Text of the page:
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103

BURIAL.

on their own gronnd, apart from the com­mon cemeteries. The body was generally buried with the feet turned towards the road. Monuments took the form of mounds, pilasters, columns, and flat grave-stones. We often find buildings in the style of temples, with very costly adornments, sculptures, and inscriptions in verse and prose. These inscriptions often give more than the name of the deceased, and con­tain notices of his life, sometimes with proverbs, sometimes with curses directed against any one violating the tomb and disturbing the rest of its occupants. The violation of a tomb, which was regarded with reverence as a consecrated spot, was a serious offence. One of the most aggra­vated forms of it was the intrusion into the family sepulchre of a body which had no right to be there.

(2) Roman. The worship of the dead among the Romans had, characteristically enough, a legal tinge, and formed a part of the pontifical law, which regulated the place and manner of the interment. The theory of the Romans, like that of the Greeks, was that there was an obligation to bury every dead body, except those of felons, suicides, and persons struck by light­ning. Any one finding a corpse was ex­pected at least to throw some earth upon it as a symbol of burial. The first duty of a man's survivors was to bury his body; if he died in a foreign country, the act had to be performed symbolically. If this duty was neglected, the offender incurred a taint of guilt from which he had to purify himself by an annually repeated atonement. After death the eyes and mouth were closed, the body bathed in hot water and then anointed, fully dressed, and adorned with the fitting insignia in case of the deceased having held high office. The corpse was then laid <Mit on a state-bed in the atrium, the feet turned towards the door. Near the bed were pans with burning odours, while in the vestlbulum branches of pine and cypress were put up as signs of mourning. The custom of putting a coin in the mouth is not mentioned in literature before the im­perial period; but the relics found in tombs show that it is much older. It was, how­ever, only under the Empire that it became general.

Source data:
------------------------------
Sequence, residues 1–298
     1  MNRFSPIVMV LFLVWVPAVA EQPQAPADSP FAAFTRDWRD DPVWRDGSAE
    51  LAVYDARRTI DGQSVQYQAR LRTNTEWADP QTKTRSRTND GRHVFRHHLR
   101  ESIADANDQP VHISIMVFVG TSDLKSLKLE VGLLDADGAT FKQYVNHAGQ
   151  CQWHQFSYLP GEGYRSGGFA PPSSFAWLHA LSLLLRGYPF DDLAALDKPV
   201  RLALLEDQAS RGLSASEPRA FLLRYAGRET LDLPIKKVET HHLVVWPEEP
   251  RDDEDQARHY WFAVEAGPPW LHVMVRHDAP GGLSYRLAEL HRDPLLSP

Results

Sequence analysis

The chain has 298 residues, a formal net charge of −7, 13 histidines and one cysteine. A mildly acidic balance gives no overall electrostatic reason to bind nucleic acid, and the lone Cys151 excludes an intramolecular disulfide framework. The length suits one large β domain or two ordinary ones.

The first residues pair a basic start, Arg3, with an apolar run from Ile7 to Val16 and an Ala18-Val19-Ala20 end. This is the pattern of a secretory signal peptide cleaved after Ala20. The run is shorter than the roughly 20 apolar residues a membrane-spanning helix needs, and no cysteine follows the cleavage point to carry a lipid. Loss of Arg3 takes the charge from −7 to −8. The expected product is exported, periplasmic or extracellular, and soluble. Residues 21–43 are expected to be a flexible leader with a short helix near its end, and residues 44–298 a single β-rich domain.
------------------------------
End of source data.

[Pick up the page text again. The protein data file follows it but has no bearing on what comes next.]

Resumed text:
In ancient times funerals took place after nightfall and by torchlight; and this was always the case with second burials, and if the deceased was a child, or a person of slender means. Hence the use of torches j

was never discontinued, even when the ceremony took place by day. It was held indispensable at every funeral, and became, in fact, the symbol of burial. The usual time at which funerals took place among the upper classes was the forenoon of the eighth day after death. In the laws of the Twelve Tables an attempt was made to check excess in funeral expenses, but with as little success as attended later enactments. If the funeral was one of unusual ceremony, the citizens were publicly invited by a herald to attend it. The arrangements were entrusted to a special functionary, who was assisted by lictors. The proces­sion was headed by a band of wind instru­ments, the number of which was limited by the Twelve Tables to ten. In ancient times, and at least down to the Punic wars, thesemusicians were followed by professional female singers, chanting the praises of the dead (see nenia). Then came a company of dancers and actors to amuse the specta­tors with their antics. Supposing the family was honorata, in other words, had it had one or more members who had held curule offices, and the consequent right of setting up masked statues of its forefathers in its house, the central point of the cere­mony was the procession of ancestors. This consisted of persons dressed to represent the ancestors in their wax masks, their official robes, and other insignia. The in­direct lines of relationship were represented as well as the direct, Each figure was mounted on a high carriage and preceded by lictors. The train included memorials of the deeds done by the deceased, torch-bearers, and lictors with lowered fasces.

The body followed, uncovered, on an ele­vated couch; sometimes in a coffin inside the bier. A wooden figure, clothed, and wear­ing the wax mask representing the dead, sat upright beside it in the attitude of life. The bearers were usually the sons, relations and friends of the deceased; in the case of emperors, they were senators and high officials. Behind the bier came the other mourners, men and women, the freedmen in mourning and without any ornaments. Ar­rived at the Forum, the bier was set down before the rostrum. The representatives of the ancestors sat down on wooden chairs ; the rest arranged themselves in a circle round, while a son or kinsman ascended the rostrum and delivered a panegyric upon the dead. If the funeral was a public one, the orator was appointed by the senate. In the case of deceased ladies such speeches were

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